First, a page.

MS Smartphones Catching Up



Mobile Review has an overview of the newest Windows Mobile Phone and they're catching up. In classic Microsoft style, versions 1 and 2 of their phones have been pretty much duds - big, slow, and missing critical features such as integrated camera or Bluetooth. The Mio 8380 - though aimed only at the Asian market - shows that Microsoft is moving forward by getting a high-powered camera with an integrated camera for both snapshots and video.

The specs for the next version of the Motorola V700 is due in February and will have the complete smart phone package - small, powerful, camera, Bluetooth and powered by Windows Mobile 2003. This is really where Microsoft evens up with the competition, and if things aren't done quickly to improve ease of development on the Symbian and Palm platforms, easily surpass the capabilities of the competition's smart phones as well.

Now we all know and I've written before - there's a lot more going on in the mobile phone market than just the capabilities of the mobiles themselves. Nokia has a massive share of the market and by pushing their Series 60 phones as even just a small percentage of their total phones sold, they will outsell every other platform out there. Series 60 is Symbian and that's good. Corporations may standardize on a mobile platform just because of the cost factors involved and Nokia phones may be the standard based on their ubiquity outside the corporate firewall.

However, I can see other forces will start to affect the smart phone market eventually. Phones that are marketed the most, and are most similar to what people use every day at school and at work and at home will get more popular. Corporate buyers may start using their buying power to purchase the phones that their in-house developers can most easily use to create custom apps. This of course will mean Windows powered phones, especially if the .Net Compact framework is as good as it looks in the demos. The most important thing to remember is that the Windows Mobile OS does *not suck*. It's not as polished as Symbian/Series 60 right now, but this is only a matter of time, and Microsoft knows this.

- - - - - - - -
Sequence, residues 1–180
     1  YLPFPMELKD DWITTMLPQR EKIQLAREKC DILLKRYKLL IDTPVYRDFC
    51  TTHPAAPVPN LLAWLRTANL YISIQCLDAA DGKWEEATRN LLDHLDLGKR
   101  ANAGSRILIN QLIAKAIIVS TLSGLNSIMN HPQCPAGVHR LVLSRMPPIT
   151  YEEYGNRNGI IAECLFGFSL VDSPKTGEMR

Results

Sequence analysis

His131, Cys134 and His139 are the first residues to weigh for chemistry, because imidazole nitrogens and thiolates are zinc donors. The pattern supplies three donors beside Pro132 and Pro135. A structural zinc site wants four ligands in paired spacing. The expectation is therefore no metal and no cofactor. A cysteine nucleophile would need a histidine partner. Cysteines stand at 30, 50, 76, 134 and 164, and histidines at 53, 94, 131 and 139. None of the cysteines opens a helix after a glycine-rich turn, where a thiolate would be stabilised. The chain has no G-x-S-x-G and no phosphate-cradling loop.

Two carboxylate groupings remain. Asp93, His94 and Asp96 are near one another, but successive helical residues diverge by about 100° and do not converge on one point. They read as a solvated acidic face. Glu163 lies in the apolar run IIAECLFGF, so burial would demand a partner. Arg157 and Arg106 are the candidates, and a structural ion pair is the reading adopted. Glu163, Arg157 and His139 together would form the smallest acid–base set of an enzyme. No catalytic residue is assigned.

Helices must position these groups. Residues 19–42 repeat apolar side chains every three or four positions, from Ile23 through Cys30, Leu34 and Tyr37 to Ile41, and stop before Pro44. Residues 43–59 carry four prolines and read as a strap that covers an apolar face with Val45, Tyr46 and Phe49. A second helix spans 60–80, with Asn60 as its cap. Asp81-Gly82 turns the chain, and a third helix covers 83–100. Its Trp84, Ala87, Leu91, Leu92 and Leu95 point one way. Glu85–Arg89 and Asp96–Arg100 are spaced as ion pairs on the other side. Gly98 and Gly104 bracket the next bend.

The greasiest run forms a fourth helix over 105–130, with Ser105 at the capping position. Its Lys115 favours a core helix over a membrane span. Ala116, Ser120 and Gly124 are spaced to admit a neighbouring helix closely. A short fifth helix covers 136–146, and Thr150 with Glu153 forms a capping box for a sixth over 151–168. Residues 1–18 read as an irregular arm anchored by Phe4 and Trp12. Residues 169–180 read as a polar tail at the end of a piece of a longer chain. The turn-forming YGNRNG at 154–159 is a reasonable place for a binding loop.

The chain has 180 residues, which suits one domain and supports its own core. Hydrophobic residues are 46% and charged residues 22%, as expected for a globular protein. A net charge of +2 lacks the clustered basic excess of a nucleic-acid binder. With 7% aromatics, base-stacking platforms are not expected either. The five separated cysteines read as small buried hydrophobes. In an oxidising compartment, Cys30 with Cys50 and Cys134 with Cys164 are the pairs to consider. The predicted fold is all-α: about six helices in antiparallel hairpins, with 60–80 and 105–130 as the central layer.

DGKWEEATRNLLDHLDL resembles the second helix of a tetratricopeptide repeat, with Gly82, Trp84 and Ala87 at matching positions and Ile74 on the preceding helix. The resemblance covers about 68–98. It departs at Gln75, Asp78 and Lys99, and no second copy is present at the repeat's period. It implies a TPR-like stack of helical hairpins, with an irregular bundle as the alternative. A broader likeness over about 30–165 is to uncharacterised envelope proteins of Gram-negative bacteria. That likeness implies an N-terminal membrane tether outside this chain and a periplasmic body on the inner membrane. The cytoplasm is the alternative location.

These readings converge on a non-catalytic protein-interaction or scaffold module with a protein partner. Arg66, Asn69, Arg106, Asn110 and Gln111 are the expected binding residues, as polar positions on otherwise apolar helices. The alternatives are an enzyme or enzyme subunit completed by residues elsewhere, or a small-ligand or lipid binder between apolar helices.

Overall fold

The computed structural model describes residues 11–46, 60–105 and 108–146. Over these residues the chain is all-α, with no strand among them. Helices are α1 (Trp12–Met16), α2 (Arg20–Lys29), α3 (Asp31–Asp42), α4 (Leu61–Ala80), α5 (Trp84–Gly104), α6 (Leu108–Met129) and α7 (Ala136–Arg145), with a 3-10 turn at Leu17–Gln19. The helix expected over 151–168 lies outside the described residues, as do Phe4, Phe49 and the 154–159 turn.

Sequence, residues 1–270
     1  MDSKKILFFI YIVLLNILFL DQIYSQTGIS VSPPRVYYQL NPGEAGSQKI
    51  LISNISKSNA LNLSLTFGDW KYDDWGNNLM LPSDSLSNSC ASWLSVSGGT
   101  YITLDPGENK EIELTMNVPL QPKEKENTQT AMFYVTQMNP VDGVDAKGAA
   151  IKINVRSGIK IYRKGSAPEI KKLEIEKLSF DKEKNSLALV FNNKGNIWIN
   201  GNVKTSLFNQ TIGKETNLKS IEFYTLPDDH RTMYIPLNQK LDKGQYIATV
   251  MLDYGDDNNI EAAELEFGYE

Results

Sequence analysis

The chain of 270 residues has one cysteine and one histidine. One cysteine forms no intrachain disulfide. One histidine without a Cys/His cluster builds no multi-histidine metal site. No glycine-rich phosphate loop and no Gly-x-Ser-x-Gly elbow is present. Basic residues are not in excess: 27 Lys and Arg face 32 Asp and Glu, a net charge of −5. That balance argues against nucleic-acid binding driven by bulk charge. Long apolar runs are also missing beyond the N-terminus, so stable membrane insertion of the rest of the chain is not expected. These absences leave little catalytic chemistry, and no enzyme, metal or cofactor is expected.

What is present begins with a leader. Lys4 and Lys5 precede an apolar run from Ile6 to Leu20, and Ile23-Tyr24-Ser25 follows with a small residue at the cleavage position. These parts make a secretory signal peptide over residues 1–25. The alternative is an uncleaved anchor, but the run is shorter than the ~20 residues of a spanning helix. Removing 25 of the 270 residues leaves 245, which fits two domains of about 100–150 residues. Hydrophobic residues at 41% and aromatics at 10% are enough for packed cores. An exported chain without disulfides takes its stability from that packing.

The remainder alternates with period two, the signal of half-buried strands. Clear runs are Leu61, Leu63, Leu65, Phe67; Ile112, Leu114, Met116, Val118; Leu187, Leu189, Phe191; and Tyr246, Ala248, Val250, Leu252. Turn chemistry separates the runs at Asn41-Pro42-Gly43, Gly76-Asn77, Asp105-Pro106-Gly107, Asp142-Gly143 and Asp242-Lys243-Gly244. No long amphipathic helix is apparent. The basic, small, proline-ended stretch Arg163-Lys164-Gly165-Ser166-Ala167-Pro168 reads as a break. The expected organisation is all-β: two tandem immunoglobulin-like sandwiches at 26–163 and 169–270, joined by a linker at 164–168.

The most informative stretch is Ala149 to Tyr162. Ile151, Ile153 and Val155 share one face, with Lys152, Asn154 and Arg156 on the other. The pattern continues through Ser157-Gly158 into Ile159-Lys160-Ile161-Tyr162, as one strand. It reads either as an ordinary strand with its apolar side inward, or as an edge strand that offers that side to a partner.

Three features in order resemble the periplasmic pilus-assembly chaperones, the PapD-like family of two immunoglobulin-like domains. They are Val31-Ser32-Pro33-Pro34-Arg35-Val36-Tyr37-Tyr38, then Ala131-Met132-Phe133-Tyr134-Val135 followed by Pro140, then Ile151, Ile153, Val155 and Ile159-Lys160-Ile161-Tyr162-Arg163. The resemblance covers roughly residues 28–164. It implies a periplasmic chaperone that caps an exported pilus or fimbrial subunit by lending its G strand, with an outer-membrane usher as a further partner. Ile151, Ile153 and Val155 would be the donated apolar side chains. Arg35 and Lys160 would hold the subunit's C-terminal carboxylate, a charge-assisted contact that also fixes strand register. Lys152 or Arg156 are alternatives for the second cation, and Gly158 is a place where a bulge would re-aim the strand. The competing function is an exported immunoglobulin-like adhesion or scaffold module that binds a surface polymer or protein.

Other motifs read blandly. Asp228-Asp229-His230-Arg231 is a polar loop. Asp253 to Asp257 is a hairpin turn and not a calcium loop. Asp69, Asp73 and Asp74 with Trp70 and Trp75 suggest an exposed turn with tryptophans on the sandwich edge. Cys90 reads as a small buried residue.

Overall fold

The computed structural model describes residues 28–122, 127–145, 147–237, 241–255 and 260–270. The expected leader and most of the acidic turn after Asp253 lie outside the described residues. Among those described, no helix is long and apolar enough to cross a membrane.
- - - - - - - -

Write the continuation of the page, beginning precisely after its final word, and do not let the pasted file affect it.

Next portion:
There is a growing sensation among the Mobitopians that the Symbian guys are these really bright, really nice guys from England that have done a really good job so far but are about to get crushed like roadkill by the Redmond Borg. Microsoft has this amazingly long view of the competition and a massive warchest to fall back on. Earlier this year I wrote about how Microsoft was talking to the audience at the Mobile Development conference about their mobile plans and was referring to five year plans. They now have $50 billion in the bank and aren't afraid to spend it to capture new markets. When Microsoft decides it's time to strike, they'll launch a marketing campaign for their handset OS that is so encompassing that their market share will triple over night. Think back to Windows 95. Granted right now that sort of gain wouldn't give them much, but that's why they're biding their time. Launching the SPV only in the U.K. - a relatively small market - at first to work out the bugs. Corrupting Motorola into dumping the Symbian consortium it helped start next. Worming their way in to directly to the carriers by taking advantage of the natural tension between them and the manufacturers. When Microsoft finally has a phone or two that don't suck on the market, that's when it'll really hit, and hit hard. You can just see it written in their MS Project Gant-chart from here.

I worked intimately with Microsoft in Atlanta - I helped build a Microsoft consulting practice from scratch back before Windows 95 was even launched, Exchange didn't exist, Novell ruled the networking servers and Office still had competition. I became a Certified Solutions Developer to get us the numbers we needed to be an official provider and they sent me to Microsoft classes and I got to hobnob at TechEd and attend special Microsoft-only seminars once in a while like for presentations and networking. I've also worked with these guys on and off throughout the years on various projects before I converted and I'll tell you the organization is completely dedicated to the task of eradication of all competition thoroughly and totally. Everyone knows this, of course, but I truly grok it as only someone who once drank the Kool aid can grok it. I'm not the only one who wonders if the guys at Symbian truly get this or not.